But for sure we imediaely will stop promotion,cooperation and use of services based on people which have shown inacceptable human and moral values.

regards

Can't believe to see such a stupid comment. Politicians who are claimed killers shall be protected, and people who are unveiling it, are out of game.

We stopped using Tableausoftware.
Sorry, your decision is understandable but wrong.

Elissa,

I love the Tableau product - and the concept of Tableau Public is great.
We need Visualizations of government and political actions desperately.

The Supreme Court has ruled that "corporations and foreign agents" may spend
unlimited funds to BUY the People's Government.

The wikileaks in just 1 paper - exposed a political leader transporting $ 52
Million to a Middle Eastern tax haven.

When I first saw - that Tableau was hosting a META DATA representation of the data - I
was proud of Tableau ( yet disappointed by the slow server response ). I'm now
disappointed with Tableau caving to the censorship of a lone Senator.

Our government has been held captive to a PHONY 60 vote rule in the Senate - and Tableau
caved to the voice of 1 questionable human - who has showed a lack of humanity on many issues.
Would you also listen to - and follow - just the word of Michele Bachmann.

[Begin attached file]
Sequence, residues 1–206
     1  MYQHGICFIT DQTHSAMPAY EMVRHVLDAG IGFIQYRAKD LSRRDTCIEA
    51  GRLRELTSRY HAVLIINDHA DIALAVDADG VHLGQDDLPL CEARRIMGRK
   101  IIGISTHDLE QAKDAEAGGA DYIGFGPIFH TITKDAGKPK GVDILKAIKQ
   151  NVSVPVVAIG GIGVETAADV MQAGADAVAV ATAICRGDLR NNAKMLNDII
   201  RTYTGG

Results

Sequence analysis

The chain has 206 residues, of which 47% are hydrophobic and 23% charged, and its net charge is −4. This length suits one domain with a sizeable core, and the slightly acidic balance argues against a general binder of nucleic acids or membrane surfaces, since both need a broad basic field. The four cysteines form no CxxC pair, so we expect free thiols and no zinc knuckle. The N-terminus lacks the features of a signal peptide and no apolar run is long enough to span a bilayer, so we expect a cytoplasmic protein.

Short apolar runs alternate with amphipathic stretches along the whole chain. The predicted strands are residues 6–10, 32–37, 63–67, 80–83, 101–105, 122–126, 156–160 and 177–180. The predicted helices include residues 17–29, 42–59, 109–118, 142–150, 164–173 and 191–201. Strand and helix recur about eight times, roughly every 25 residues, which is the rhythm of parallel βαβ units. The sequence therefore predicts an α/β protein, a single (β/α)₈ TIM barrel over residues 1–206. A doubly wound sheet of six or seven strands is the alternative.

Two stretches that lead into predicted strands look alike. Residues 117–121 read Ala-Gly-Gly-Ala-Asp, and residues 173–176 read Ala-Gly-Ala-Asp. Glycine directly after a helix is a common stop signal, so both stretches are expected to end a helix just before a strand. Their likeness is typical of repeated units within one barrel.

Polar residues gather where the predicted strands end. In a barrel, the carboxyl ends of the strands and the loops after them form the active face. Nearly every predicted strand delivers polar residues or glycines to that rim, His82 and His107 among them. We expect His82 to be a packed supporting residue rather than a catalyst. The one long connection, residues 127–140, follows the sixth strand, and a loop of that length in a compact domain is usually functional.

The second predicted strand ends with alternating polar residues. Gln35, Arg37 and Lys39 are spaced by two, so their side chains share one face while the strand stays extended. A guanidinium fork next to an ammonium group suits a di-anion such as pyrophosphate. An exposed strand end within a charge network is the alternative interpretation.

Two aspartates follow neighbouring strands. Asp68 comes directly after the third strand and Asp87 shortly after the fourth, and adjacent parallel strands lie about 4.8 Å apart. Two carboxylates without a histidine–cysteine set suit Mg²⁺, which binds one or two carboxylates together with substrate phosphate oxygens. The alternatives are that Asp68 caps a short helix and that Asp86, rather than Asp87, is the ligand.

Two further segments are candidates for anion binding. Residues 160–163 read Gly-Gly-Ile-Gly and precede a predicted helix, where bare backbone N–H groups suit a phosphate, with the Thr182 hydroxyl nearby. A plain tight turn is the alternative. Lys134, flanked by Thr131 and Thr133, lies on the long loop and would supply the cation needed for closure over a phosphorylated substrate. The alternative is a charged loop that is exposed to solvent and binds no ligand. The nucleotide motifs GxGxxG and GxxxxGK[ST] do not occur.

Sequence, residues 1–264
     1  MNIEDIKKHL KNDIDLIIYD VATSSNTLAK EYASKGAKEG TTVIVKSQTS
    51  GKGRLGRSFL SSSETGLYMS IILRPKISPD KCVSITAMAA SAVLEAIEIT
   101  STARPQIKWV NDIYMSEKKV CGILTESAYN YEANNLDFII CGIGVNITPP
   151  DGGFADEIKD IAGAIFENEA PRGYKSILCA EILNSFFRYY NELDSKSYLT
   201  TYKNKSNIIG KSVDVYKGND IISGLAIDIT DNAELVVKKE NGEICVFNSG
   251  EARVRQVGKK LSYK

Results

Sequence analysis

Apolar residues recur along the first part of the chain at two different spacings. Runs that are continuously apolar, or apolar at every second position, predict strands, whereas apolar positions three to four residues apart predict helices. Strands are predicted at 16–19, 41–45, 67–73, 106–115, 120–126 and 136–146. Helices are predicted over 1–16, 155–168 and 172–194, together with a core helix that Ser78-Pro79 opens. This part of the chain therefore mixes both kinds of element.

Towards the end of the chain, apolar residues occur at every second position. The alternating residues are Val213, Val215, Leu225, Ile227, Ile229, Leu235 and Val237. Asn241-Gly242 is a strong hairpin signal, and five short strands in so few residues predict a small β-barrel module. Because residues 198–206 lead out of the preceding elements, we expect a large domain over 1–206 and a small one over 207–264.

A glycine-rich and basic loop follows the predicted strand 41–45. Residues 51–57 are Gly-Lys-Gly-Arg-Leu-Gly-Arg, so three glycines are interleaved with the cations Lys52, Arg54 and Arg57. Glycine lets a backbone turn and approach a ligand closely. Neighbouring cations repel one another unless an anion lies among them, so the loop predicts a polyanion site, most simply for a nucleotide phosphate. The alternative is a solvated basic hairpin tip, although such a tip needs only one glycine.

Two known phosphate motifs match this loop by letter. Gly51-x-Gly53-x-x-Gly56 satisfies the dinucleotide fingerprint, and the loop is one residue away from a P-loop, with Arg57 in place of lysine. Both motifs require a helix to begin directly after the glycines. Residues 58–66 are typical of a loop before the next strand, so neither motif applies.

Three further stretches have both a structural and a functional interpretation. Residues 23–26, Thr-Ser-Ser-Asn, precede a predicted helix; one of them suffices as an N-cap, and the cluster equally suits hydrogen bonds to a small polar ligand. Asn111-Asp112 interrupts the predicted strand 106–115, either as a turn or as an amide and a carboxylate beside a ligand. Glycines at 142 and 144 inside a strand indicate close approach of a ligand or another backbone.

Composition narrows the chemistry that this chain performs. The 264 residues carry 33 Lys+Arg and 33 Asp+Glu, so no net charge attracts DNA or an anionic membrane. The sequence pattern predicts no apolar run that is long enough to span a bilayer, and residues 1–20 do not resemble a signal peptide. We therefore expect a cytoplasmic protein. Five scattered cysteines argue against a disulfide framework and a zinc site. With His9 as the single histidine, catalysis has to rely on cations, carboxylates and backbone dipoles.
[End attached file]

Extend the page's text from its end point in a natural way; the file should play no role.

The right course of action is to rehost the META DATA - until you receive a court order -
or the Senate/House and President pass a bill into law.

Our nation has the greatest need for Visual Truth thru Tableau Visualizations.

Dean G.

Thank you for making it easy to never use your software again. Companies who are unwilling to support free speech do not receive my support.

A big +1!!

dito

I think tableau was right in no supporting the America-bashing that WikiLeaks is engaging in. WikiLeaks information was clearly stolen, therefore they have no freedom of speech right to publish it. Just as if someone hacked your private online email, let's say, and published a tableau about the contents of your emails. No one squashed free speech.

I'm not even a Tableau user (yet), much less an ardent fan or company stooge. I just believe that some information is best kept private.

I am quite disappointed by this. According to the author, James Ball, the visualizations contained no sensitive data. Of course you have the legal right to stop hosting the data, but what will that accomplish? If he doesn't own a copy of Tableu, he can download a trial and generate PDF's and host elsewhere. But what if something even more interesting was found in the data through the interactive nature of your site, or what if it brought awareness to a particular data point that was public but obscured? I'm saddened to see that Tableau is not principled enough to explore new and interesting data.